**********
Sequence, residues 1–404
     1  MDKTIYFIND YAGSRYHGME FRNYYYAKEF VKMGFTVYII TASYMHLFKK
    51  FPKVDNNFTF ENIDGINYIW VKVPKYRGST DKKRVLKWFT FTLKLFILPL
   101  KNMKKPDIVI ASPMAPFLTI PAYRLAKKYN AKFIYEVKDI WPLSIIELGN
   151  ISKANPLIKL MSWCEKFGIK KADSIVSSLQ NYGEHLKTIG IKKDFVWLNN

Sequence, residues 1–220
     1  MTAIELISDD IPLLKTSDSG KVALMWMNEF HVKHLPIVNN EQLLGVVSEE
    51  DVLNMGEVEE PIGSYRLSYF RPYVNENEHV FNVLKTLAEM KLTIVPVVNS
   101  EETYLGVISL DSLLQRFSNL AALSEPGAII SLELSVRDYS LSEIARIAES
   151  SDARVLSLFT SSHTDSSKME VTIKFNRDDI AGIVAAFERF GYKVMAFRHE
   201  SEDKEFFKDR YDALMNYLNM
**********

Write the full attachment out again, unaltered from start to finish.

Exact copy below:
Sequence, residues 1–404
     1  MDKTIYFIND YAGSRYHGME FRNYYYAKEF VKMGFTVYII TASYMHLFKK
    51  FPKVDNNFTF ENIDGINYIW VKVPKYRGST DKKRVLKWFT FTLKLFILPL
   101  KNMKKPDIVI ASPMAPFLTI PAYRLAKKYN AKFIYEVKDI WPLSIIELGN
   151  ISKANPLIKL MSWCEKFGIK KADSIVSSLQ NYGEHLKTIG IKKDFVWLNN

Sequence, residues 1–220
     1  MTAIELISDD IPLLKTSDSG KVALMWMNEF HVKHLPIVNN EQLLGVVSEE
    51  DVLNMGEVEE PIGSYRLSYF RPYVNENEHV FNVLKTLAEM KLTIVPVVNS
   101  EETYLGVISL DSLLQRFSNL AALSEPGAII SLELSVRDYS LSEIARIAES
   151  SDARVLSLFT SSHTDSSKME VTIKFNRDDI AGIVAAFERF GYKVMAFRHE
   201  SEDKEFFKDR YDALMNYLNM